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Hiking is always safer when you have a buddy or two.
Siri Stafford/Lifesize/Getty Images
Hiking is an at-your-own pace activity that is great exercise and has several health benefits for active seniors. Hiking also supports independence, discovery and socializing skills. Before taking on any hiking activities, consider how to be safe and properly prepared. Also consider taking part in additional hiking activities available to seniors, such as group hikes and nature explorations.
Exercise such as hiking is beneficial to seniors in numerous ways. According to Medline Plus, seniors require four different types of exercise: endurance, strengthening, stretching and balance. Hiking includes all four types of exercise, as it improves heart health, reduces muscle loss, keeps your body flexible and increases balance while preventing falls. Participating in physical activities like hiking keeps seniors healthy and independent.
The best times to hike to beat the heat are early in the morning or in the late afternoon. Before your hike, inform a friend of where and when you will be hiking, as well as an estimated time of return. Talk with your doctor if you require an assistive device to walk and how you can safely bring it with you while hiking. Wear shoes that are already broken in, as wearing new shoes causes blisters and other food discomfort.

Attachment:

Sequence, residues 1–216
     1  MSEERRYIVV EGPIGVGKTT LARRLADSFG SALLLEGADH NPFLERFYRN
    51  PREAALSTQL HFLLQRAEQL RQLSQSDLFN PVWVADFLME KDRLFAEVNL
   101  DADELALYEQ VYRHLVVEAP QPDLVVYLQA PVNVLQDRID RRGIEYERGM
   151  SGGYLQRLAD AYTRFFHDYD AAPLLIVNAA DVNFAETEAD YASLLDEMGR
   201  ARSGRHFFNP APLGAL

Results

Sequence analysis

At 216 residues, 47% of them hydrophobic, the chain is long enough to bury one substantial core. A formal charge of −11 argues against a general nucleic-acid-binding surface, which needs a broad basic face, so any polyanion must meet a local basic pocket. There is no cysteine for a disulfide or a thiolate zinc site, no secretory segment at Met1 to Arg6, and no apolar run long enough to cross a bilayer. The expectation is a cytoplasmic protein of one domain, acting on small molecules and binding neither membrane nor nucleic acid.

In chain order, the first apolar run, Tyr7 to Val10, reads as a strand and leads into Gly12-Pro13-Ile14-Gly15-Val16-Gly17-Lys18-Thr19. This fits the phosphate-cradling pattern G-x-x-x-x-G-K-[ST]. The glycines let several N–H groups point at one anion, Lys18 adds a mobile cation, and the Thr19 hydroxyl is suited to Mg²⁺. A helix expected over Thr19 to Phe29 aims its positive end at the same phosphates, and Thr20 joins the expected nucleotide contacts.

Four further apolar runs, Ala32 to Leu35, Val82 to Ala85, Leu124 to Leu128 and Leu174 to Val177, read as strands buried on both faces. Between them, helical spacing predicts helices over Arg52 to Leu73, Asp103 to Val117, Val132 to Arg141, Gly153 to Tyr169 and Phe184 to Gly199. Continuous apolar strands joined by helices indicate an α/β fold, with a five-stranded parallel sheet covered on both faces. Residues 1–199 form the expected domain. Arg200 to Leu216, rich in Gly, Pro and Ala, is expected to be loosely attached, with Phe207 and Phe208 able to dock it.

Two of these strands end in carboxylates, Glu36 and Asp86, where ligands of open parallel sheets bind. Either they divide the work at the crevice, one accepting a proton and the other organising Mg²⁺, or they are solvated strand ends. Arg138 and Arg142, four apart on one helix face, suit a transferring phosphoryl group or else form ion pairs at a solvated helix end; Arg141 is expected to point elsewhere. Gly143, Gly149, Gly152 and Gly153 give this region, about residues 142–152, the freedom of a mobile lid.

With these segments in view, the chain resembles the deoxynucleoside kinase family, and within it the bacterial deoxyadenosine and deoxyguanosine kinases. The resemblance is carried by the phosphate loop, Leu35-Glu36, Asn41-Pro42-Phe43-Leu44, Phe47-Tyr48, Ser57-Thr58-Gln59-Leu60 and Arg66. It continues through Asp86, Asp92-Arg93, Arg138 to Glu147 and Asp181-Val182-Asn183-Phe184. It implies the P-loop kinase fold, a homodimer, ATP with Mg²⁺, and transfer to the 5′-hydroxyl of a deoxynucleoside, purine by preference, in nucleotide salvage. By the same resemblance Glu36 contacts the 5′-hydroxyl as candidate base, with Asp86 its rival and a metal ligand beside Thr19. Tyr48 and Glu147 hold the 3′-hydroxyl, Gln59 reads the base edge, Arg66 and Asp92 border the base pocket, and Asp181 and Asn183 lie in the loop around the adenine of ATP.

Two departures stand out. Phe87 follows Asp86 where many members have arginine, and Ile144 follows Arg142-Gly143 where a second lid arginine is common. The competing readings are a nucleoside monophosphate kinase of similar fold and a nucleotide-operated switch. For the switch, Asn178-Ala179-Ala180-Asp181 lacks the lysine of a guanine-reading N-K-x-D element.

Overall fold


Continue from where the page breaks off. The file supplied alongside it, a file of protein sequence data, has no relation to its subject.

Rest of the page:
Only pack necessities. At least 2 liters of water per person, a light but energy-packed snack like a protein bar, a safety whistle, a small first aid kit, an extra pair of socks, a map and a cell phone are essentials, according to Reader's Digest and Senior Travel Hub. Staying hydrated is crucial since seniors are particularly susceptible to dehydration, especially while out exercising in hot and humid environments.
Hiking groups such as Seniors Hike with Franklin Mountains State Park in El Paso, Texas, offer outdoor activities for and led by seniors. While getting exercise, seniors can take advantage of additional activities like bird watching, wildlife viewing and plant identification. The trails used by such groups are well-maintained, short distances and generally have no troublesome elevation changes. Depending on the group offering the service, seniors may be required to pay an attendance fee to hike.